JEFF ROORDA, ST. LOUIS POLICE OFFICERS ASSOCIATION: Well, you noticed yesterday, Bill, that Attorney General Holder could barely bring himself to share that news. It struck me that this release or this leak of information the day before these reports came out were the most damning information that they could leak about the Ferguson police department was leaked out in advance of the announcement that the Justice Department determined the same thing that the much derided grand jury here decided. And that was that Darren Wilson was the victim of an attempted murder and that he used reasonable force in the face of --

O'REILLY: Yes. Ok. So think that's established beyond a reasonable doubt. Anybody can wear a t-shirt that says anything. But the facts are the facts. The officer has been exonerated, not going to be charged with a civil rights violation and the grand jury didn't charge him with anything else.

How is he processing that? I understand you spoke with him. How is he doing?

ROORDA: I haven't spoke to him since the decision came out. I spoke to his attorney yesterday. He described Darren as very relieved. The weight of the world is on your shoulders when you are under charges like this. And really everybody in the media except for a handful like you declaring before any facts come out that he is guilty. Now that the facts are out there, you know, we get the full story.

O'REILLY: I feel bad for him. Again I feel terrible for the brown family as well. This should never have happened.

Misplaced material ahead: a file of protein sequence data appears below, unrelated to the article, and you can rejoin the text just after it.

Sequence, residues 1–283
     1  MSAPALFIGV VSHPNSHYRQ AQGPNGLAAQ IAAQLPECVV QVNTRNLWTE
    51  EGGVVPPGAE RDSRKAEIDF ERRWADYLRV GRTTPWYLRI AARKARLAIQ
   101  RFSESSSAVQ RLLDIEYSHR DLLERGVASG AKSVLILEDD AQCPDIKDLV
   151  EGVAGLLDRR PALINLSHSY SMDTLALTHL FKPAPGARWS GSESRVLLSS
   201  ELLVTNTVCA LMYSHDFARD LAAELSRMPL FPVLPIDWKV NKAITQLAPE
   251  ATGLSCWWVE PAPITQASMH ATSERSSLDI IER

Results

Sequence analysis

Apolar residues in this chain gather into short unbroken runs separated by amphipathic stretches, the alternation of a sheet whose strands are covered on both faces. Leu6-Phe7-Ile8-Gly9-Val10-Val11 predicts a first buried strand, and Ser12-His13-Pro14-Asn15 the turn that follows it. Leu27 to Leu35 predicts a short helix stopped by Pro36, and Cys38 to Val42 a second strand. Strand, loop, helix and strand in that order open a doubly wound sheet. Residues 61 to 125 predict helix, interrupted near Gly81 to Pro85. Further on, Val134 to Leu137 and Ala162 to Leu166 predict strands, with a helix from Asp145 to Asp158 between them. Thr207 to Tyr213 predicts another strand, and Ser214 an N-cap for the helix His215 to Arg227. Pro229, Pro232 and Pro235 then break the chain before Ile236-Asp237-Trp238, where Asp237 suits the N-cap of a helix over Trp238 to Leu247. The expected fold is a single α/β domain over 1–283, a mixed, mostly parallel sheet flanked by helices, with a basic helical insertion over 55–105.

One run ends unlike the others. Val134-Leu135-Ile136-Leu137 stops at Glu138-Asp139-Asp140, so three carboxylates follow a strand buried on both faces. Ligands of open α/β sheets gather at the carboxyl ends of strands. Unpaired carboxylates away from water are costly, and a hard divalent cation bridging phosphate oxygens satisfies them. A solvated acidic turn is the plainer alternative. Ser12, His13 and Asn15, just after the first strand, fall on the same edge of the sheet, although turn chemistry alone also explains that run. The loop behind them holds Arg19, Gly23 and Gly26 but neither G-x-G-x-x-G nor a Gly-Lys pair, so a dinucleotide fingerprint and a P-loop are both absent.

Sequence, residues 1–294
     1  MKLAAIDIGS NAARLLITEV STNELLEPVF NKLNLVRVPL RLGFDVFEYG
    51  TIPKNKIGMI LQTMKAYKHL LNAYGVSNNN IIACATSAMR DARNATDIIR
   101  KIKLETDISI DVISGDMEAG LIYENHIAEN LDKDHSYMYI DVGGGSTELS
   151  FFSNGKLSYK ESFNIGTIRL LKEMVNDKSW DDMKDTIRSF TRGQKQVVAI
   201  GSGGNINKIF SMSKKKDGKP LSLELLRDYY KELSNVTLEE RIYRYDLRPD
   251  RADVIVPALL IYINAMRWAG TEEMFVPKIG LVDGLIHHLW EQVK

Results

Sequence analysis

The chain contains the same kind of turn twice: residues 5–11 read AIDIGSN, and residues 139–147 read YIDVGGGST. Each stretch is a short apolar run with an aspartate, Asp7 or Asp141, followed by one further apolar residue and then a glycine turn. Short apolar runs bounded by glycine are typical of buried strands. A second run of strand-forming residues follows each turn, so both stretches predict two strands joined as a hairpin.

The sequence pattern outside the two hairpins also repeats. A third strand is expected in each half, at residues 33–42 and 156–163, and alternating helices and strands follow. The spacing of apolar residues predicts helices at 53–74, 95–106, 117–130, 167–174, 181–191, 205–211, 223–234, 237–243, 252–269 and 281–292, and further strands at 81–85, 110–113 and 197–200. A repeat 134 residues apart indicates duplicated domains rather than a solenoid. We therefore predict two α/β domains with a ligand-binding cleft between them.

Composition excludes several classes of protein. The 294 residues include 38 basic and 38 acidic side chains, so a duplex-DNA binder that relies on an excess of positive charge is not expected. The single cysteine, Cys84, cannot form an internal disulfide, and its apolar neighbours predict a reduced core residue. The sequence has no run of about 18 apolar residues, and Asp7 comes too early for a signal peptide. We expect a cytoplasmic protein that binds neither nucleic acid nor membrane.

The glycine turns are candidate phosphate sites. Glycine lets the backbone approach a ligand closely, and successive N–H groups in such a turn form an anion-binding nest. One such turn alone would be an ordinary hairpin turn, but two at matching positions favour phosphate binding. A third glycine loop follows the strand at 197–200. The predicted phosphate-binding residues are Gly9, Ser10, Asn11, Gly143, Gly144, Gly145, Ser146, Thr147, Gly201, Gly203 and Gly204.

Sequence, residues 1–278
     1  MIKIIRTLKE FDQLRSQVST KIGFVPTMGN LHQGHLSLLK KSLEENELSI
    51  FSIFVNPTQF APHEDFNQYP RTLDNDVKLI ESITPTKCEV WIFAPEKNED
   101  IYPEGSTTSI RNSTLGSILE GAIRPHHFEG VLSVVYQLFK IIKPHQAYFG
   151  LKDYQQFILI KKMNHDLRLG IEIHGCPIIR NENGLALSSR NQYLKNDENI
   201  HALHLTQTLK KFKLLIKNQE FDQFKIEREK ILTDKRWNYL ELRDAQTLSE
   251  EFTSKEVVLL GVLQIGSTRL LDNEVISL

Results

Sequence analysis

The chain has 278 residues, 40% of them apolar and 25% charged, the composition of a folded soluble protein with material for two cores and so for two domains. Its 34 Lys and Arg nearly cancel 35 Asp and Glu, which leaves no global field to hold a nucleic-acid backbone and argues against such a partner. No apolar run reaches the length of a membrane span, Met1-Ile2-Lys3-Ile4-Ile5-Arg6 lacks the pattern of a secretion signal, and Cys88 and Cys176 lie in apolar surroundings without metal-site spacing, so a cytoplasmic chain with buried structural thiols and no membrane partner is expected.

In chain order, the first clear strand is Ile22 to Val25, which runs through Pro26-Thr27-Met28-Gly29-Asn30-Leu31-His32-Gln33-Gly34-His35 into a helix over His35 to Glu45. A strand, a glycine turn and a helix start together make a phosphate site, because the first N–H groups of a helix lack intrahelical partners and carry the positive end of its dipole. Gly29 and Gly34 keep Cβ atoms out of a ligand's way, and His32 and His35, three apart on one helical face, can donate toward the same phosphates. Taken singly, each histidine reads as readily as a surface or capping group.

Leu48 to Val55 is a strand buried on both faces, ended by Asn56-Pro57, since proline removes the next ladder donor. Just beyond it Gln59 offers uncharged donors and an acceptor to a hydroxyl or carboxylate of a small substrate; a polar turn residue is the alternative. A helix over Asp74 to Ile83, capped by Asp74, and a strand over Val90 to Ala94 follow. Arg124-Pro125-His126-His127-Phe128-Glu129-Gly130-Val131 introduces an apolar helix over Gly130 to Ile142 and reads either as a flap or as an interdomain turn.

ROORDA: And I do, too.

O'REILLY: I think every fair human being does. I mean, Benjamin Crump, the lawyer for the family is a stand up guy. He's a dignified man. He comes on this program. I have told him many, many times if he could wave a magic wand, we have two lives. One life snuffed out and Wilson's life is ruined. It's horrible.

Now Mr. Milhaven I think you would agree with me that we need a revamp in Ferguson. We need to revamp in Ferguson. We need a whole revamp this whole thing and nobody should be targeted for tickets for revenue. That's the problem.

MILHAVEN: No question.

O'REILLY: Nobody in America should be a target of tickets for revenue. Last word.

MILHAVEN: No question. No question, Bill. And, yes, the Justice Department has started the job and pointed out that, yes, there needs to be wholesale changes. But Ferguson doesn't live on an island. There are little municipals all around Ferguson that you have to drive through.

And look, Floridale Hills (ph) during all of this invented their own police department. They have a population of 800 people. They are the mayors are black, the police chief are black, they are targeting everybody. That's how they are surviving.

O'REILLY: Yes, because they want money. It's a shakedown.

MILHAVEN: You mentioned Benjamin Crump. Pine Lawn has a population of 3,000 people. They wrote 17,000 tickets last year.

O'REILLY: All right. That's got to stop.

MILHAVEN: Guess who their police chief is. Guess who their police chief is.

O'REILLY: And now the attorney general -- who is your police chief?

MILHAVEN: The police chief's name is Anthony Gray who is the family attorney for Michael Brown.

O'REILLY: I think the attorney general has got to start to clean up these towns in Missouri and stop.

MILHAVEN: Everywhere, yes -- Everywhere. Not just Ferguson, the entire north county is being destroyed.

O'REILLY: All right, gentlemen. Thank you.